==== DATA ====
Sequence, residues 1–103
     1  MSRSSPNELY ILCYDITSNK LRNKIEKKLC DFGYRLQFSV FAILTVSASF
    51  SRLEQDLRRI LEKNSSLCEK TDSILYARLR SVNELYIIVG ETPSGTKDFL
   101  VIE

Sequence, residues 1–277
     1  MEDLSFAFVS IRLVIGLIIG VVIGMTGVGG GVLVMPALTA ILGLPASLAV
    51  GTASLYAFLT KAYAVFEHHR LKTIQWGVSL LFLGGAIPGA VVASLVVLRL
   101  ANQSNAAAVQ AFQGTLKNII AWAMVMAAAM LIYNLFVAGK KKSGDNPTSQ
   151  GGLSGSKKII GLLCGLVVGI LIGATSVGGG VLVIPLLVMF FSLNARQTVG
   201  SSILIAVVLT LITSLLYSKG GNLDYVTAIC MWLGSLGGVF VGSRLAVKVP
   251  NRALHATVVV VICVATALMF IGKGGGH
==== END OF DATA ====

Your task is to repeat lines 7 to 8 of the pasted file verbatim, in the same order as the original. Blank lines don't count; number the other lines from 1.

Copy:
    51  GTASLYAFLT KAYAVFEHHR LKTIQWGVSL LFLGGAIPGA VVASLVVLRL
   101  ANQSNAAAVQ AFQGTLKNII AWAMVMAAAM LIYNLFVAGK KKSGDNPTSQ